The last couple of days have brought a small rush of local Lapland Longspurs . Yesterday (Oct 21st), one circled fields for about five minutes near Great Pond, Hatfield without landing and later moved off South-east. Today, a single moved South over Winsor Dam Quabbin Park at 07:52 am and I discovered two birds in a small flock of Horned Larks at Orange Airfield at the same spot as last year's Northern Wheatear. Had it not been for a nice male Northern Harrier flushing birds off the airfield, I doubt if I would have gotten close to the larks and longspurs.

Snow Bunting - First of season - Oct 22nd

Perhaps appropriate for today's icy blast from the North, my first local Snow Bunting of the fall feeding on the dam wall at Winsor Dam, Quabbin Park. A fly-over Lapland Longspur didn't bother joining him and flew straight on south. My first Snow Bunting of the autumn in 2006 was in exactly the same spot on October 26th!

Monday, October 20, 2008

Cape May Day 3 - Oct 18th

White-rumped Sandpiper - molting juvenile, Avalon, Cape May. Hand held digibin shots using Canon Powersot A560 through Leica 8 x 42 binoculars.

Avalon beach and seawall with shorebirds sheltering from the North-eastern wind in the foreground

We got a rather late start this morning but decided to try for Hidden Valley, part of Higbee Beach WMA. It was clearly much colder than the previous days with a strong North-eastern wind making birdfinding difficult. We had a few birds of interest (Wood Duck, Eastern Meadowlark, several Blackpoll Warblers and White-crowned Sparrows) but gave up in the conditions and headed north to the Avalon seawatch.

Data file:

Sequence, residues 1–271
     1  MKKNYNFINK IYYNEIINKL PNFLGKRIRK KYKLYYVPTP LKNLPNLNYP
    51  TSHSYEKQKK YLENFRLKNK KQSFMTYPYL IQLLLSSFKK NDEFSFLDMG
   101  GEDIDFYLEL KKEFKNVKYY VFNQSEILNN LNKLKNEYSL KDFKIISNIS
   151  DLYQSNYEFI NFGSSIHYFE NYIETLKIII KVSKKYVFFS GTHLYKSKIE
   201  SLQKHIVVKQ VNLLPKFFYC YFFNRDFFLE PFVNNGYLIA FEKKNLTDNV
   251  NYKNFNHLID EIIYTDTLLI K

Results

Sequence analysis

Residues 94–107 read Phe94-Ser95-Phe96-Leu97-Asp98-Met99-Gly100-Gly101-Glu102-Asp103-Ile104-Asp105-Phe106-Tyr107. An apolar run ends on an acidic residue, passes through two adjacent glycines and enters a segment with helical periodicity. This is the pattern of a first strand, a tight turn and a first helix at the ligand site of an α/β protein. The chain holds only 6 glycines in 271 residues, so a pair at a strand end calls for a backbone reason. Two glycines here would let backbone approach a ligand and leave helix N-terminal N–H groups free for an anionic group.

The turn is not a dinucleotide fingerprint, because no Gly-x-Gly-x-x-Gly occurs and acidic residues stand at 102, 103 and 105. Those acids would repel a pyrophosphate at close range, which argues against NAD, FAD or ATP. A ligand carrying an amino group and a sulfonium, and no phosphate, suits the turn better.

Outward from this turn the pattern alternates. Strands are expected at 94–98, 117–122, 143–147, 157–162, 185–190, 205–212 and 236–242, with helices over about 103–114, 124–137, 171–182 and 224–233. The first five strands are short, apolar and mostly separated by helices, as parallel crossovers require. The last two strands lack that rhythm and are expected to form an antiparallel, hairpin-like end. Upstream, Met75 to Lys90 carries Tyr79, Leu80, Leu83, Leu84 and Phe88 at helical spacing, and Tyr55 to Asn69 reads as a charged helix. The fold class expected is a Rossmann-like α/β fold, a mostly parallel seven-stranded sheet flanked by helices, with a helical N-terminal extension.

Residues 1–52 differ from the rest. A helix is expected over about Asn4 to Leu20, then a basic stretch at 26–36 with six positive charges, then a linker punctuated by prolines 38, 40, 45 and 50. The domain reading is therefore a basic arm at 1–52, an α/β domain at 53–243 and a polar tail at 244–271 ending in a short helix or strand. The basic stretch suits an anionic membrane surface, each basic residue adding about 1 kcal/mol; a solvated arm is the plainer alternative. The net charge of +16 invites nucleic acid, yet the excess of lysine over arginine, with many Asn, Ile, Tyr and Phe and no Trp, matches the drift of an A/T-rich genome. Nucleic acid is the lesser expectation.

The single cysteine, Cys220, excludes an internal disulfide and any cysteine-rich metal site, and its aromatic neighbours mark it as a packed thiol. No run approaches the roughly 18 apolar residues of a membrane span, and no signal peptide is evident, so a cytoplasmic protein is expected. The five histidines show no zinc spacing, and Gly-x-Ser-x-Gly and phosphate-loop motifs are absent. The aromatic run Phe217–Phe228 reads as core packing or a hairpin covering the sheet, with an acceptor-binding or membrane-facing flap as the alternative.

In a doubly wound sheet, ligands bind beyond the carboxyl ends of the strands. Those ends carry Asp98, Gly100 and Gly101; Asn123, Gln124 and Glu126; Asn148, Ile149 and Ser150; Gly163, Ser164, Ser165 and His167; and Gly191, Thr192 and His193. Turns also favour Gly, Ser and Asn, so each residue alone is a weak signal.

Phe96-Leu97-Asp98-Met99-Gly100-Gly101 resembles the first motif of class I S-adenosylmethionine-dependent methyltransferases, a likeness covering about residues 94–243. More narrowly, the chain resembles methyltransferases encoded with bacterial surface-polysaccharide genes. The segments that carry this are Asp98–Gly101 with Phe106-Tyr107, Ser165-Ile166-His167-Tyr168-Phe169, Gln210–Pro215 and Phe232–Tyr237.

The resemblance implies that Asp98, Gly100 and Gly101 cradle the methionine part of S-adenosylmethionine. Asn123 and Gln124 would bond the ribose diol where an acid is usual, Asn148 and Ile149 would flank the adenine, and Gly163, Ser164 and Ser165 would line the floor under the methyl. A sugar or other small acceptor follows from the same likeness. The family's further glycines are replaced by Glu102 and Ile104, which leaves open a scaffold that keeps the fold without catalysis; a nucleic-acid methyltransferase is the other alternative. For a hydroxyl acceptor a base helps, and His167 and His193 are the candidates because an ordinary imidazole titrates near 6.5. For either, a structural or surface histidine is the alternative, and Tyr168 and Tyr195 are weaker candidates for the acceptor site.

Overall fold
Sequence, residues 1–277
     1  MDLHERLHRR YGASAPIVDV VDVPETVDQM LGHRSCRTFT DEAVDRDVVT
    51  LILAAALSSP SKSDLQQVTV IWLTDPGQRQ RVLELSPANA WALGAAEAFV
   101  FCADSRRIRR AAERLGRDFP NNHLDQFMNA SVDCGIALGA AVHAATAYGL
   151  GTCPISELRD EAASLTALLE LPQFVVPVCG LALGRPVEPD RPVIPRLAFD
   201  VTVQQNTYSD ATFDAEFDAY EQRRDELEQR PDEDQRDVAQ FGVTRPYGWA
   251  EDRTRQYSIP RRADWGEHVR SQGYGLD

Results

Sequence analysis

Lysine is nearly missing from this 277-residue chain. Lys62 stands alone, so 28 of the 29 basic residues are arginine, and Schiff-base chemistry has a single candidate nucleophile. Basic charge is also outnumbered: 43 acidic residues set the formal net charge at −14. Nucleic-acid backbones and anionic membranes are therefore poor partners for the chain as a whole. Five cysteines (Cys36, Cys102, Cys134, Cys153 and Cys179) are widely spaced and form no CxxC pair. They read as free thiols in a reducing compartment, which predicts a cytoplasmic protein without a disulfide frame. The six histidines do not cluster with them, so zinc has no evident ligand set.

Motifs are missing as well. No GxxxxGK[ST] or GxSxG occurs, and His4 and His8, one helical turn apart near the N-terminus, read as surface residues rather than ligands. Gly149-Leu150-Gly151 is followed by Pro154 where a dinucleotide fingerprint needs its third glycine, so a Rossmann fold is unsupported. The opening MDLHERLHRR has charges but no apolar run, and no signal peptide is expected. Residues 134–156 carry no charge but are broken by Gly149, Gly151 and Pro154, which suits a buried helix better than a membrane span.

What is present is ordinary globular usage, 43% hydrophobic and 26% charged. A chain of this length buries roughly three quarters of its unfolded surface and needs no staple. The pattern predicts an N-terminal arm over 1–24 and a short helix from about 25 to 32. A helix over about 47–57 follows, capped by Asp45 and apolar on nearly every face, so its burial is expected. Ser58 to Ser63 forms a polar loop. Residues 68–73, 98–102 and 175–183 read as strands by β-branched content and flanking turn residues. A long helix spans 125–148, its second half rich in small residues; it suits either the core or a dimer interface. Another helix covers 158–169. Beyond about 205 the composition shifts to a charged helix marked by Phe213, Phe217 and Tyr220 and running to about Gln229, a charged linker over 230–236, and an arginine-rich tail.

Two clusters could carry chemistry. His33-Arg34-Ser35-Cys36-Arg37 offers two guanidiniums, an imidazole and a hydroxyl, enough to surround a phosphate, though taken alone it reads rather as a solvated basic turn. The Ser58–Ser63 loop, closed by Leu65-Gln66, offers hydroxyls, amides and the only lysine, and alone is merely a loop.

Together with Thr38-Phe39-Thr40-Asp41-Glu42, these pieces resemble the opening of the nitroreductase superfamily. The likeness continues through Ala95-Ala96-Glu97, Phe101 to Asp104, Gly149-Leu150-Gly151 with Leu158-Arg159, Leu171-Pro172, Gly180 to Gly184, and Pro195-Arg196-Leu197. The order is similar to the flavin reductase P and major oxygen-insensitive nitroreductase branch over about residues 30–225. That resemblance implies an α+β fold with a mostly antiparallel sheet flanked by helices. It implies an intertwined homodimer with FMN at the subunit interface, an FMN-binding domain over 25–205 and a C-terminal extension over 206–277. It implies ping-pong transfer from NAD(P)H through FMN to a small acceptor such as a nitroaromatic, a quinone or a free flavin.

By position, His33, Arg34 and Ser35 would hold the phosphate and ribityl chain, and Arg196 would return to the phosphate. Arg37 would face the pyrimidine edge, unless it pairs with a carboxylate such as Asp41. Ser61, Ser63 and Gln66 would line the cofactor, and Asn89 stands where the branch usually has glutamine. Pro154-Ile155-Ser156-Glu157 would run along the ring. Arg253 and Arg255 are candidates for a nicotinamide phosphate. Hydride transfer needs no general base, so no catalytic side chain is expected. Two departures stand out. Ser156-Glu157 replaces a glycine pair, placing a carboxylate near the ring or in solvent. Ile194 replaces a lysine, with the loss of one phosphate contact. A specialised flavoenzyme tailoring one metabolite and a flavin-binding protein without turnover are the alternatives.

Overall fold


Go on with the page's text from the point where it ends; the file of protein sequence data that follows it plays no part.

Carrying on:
Black and Surf Scoters migrating south at Avalon, Cape May - thousands poured southwards all day.

The decision was a wise one. When we arrived the seawatch point was well represented with birders and stream upon stream of dark-winged scoters (all Black and Surf) poured past. Outside of the scoters, variety was rather limited with a handful of Northern Gannets plus a few dabbling ducks, mostly Green-winged Teal and Northern Pintail, passing with the scoters along with a single Greater Scaup. After an hour, I had a walk along the seawall with Matan and a found nice flock of shorebirds sheltering from the wind. The flock included a few Western and Semi-palmated Sandpipers and a single juvenile White-rumped Sandpiper. Just before we left an exhausted Blackpoll Warbler turned up in a tiny group of pines by the seawatch station with a Brown Creeper in the same pines just a few minutes later to add a touch of the bizarre!

Blackpoll Warbler - exhausted migrant next to the Seawatch point at Avalon.

Later I returned to the Avalon seawatch to find an even bigger group of birders, and the scoter migration continuing unabated. The migration included slightly more variety later in the afternoon with Common and Red-throated Loons, Brants and several large mixed flocks of Great and Snowy Egrets passing high overhead. The day ended on a high when a sub-adult male King Eider flew past alone just before 6pm. What was almost certainly the same bird was found off Cape May the very next day and featured in this post on Cape May Bird Observatory's website.

Birders gathered at the Avalon Seawatch, Cape May.

Today's scoter migration really was a spectacle which we felt privileged to witness. Although I haven't see the official totals from the day, I would guess that something in the region of 80,000 dark-winged Scoters passed the Avalon seawatch on October 18th.

Purple Sandpiper - on the jetty in front of the Seawatch point, Avalon, Cape May.